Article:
"I appreciate the Court’s finding that the overly-broad request should be further refined, narrowed and clarified. I continue to believe that this effort is little more than a disappointing attempt to detract from, rather than enhance, the ongoing legislative discussion about modernizing Ohio’s education system. My staff will continue working to provide responsive records as quickly as possible.”

Thursday, April 23, 2009

Yet another stupid Republican bill: Eliminate the income tax for college graduates

(HT: Weapons of Mass Discussion... even though no discussion ever occurs there... let alone a mass of it.)

There's apparently an epidemic among Ohio Republicans to suddenly repeal the state's income tax.

State Representative Cheryl Grossman has now introduced House Bill 44 which would eliminate all State income tax liability to any resident in Ohio with a Bachelor's degree for the first five years after graduating:
“The state of our economy in Ohio is burying our college graduates with an alarming amount of debt,” Grossman said. “Eliminating graduates state income tax liability will allow them to use their extra funds to help pay for their student loans and other debts incurred during college. This bill will also attract college graduates from other states.”

House Bill 144 specifically allows individuals who graduate from any institution of higher education, and who are residents of Ohio, to claim a state income tax credit equal to the individuals’ net tax liability for up to five years. Graduates will have one year from graduation to apply for the tax credit through the Ohio Board of Regents. If a graduate leaves Ohio within the five years, he or she will be required to pay back the amount of tax credit received.

“The loss of jobs throughout the state is creating a panic among college students and recent graduates who are looking for employment,” Grossman said. “It is well known that the lack of jobs and taxes are causing our states brightest individuals to take up residencies in other states. This bill is an incentive for our graduates to stay in Ohio.”

Um, and after five years, what happens? If this is a bill to "keep our kids" in Ohio, then why do people who get degrees outside of Ohio and never lived in Ohio until after they graduated get to claim the credit? You know what would keep students in Ohio? Make in-state tuition in Ohio less expensive than going to school out-of-state. You know, like Governor Strickland has been doing after a decade of largely unchecked skyrocketing tuition in Ohio under Republican rule where students could get a quality college education cheaper outside of Ohio than in it.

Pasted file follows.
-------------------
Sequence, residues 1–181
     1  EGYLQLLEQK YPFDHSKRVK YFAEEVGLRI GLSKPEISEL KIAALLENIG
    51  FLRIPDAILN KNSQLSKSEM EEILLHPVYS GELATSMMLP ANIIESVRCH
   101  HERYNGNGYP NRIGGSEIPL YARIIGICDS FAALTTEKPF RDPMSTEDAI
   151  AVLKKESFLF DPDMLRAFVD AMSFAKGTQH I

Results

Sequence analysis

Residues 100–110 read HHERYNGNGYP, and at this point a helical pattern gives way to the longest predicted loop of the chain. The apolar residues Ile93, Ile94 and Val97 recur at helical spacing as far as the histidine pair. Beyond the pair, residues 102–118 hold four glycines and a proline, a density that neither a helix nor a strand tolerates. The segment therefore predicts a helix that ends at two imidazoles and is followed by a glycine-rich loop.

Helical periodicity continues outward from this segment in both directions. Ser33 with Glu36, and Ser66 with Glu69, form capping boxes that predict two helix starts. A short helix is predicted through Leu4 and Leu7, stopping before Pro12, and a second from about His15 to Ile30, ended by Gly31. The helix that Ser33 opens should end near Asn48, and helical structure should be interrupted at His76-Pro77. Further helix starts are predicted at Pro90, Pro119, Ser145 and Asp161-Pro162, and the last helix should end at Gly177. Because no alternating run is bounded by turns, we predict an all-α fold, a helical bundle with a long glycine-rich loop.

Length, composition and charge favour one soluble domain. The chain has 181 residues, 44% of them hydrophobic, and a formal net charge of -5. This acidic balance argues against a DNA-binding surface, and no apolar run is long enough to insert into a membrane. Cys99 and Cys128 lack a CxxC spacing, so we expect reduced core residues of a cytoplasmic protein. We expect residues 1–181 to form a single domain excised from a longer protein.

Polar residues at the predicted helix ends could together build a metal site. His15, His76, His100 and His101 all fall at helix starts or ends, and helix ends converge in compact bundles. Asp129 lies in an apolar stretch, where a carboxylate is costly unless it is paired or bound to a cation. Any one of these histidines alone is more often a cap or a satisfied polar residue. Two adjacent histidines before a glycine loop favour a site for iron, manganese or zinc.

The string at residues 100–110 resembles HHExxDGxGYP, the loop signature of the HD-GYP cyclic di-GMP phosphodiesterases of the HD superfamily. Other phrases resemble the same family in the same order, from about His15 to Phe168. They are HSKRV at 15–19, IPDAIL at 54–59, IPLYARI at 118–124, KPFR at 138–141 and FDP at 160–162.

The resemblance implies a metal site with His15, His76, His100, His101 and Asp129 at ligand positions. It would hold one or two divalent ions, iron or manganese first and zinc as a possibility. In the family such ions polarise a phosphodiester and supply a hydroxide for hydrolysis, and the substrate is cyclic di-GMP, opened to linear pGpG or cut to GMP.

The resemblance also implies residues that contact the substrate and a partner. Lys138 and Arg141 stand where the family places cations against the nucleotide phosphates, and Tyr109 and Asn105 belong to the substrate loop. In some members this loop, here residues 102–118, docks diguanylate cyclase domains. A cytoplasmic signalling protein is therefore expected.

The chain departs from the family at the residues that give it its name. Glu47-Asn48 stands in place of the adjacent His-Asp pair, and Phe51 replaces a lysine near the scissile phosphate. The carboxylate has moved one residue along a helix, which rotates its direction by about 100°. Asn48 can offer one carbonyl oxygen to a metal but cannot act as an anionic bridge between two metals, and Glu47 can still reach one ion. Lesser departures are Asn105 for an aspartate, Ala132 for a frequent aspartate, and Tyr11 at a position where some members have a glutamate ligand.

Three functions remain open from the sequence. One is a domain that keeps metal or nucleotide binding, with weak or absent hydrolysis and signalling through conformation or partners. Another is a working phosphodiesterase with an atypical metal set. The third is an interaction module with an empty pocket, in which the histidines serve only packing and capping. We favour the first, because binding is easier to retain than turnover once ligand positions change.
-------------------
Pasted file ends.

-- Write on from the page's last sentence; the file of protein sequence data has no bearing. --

Incidentially, here's Cheryl Grossman on Governor Strickland's proposal for a high-speed passenger rail in Ohio during the recent transportation budget debate:


"I'm not saying that I'm opposed to passenger rail, but show me the numbers," said Rep. Cheryl L. Grossman, R-Grove City.

Yeah, how does Grossman plan on balancing the budget with this massive tax cut? She doesn't. This is the Republican playbook. Publicly question the Democratic Administration's fiscal responsibility while debating a balanced budget while introducing massive financial commitments with absolutely no plan on how state government can afford them.

It's simply laughable to hear this woman talk about fiscal responsibility to justify opposing a transportation budget which will create jobs and is fulling funded and then turn around and introduce a major income tax cut with no plan on how the State can compensate for the obvious loss of revenue.

Incidentially, when she was Mayor, Grossman actually applauded not just federal government spending for transportation, but getting earmarks for such projects (but earmarks are okay if they're Republican earmarks.) You can't watch these video clip in that context and not laugh.

This is the Republican Party's plan to power: 1) Hope people forget what we've done; 2) Sound to people that our criticism is genuine and an alternative approach that is more responsible; 3) Repeat step 1.

Wednesday, April 22, 2009

In Warren County, ideology trumps intellect

So, in order to show "solidarity" with the Tea Party Republicans, the Warren County Commissioners are refusing any state money funded by the federal stimulus package... maybe. From the Pulse Journal:

Commissioners rejected $373,000 in stimulus money to buy three new transit buses and upgrade their fleet, citing their opposition of deficit spending for buses and vans. Commissioner Mike Kilburn said he refuses to take any stimulus funds.

“I’ll let Warren County go broke before taking any of Obama’s filthy money,” Kilburn said. When asked about stimulus money being used to help improve rural transportation and job creation, Kilburn said he was tired of government handouts.

“I’m tired of paying for people who don’t have,” he said. “As Reagan said, ‘government is not the answer, it’s the problem.’”

Says a guy who is the government in Warren County. Refusing the money won't reduce the deficit at all, as the funds will simply be given to other communities for their projects.